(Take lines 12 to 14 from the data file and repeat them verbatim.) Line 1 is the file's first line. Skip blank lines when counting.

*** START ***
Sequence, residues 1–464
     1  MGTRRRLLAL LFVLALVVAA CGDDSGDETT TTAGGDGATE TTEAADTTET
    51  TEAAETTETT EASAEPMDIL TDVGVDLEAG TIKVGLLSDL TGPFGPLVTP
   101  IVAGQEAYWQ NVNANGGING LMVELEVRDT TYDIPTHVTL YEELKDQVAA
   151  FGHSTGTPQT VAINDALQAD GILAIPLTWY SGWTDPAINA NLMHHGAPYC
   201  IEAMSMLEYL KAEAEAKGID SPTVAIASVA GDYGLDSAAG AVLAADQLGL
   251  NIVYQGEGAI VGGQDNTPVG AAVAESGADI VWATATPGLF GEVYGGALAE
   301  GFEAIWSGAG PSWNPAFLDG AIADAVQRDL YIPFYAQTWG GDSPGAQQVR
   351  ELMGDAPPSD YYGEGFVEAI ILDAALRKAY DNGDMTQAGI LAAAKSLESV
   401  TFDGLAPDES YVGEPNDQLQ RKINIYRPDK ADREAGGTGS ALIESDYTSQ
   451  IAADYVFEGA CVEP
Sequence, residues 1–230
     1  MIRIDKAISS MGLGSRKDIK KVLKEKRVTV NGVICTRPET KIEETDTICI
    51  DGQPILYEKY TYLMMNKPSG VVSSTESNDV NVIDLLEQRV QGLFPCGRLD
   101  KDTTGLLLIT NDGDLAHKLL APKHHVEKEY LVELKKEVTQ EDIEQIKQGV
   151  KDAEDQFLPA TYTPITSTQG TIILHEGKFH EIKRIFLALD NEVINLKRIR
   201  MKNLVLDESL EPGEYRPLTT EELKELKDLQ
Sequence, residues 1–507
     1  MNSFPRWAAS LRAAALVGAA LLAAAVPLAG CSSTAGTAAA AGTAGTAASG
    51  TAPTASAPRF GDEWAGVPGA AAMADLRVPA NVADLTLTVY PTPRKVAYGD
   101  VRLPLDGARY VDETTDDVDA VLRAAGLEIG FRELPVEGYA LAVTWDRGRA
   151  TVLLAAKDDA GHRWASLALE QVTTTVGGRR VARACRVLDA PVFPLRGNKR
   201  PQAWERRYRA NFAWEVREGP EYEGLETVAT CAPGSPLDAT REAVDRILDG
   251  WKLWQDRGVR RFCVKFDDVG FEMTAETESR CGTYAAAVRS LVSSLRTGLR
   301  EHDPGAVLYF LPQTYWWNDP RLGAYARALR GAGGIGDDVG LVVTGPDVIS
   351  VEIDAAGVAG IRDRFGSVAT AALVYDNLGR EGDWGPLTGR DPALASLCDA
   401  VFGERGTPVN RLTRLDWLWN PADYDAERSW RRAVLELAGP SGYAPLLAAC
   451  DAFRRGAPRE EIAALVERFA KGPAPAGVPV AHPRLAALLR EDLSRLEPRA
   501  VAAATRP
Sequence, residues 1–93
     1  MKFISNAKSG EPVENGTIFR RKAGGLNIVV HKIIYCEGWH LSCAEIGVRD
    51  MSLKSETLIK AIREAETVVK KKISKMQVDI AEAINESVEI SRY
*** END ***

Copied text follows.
Sequence, residues 1–230
     1  MIRIDKAISS MGLGSRKDIK KVLKEKRVTV NGVICTRPET KIEETDTICI
    51  DGQPILYEKY TYLMMNKPSG VVSSTESNDV NVIDLLEQRV QGLFPCGRLD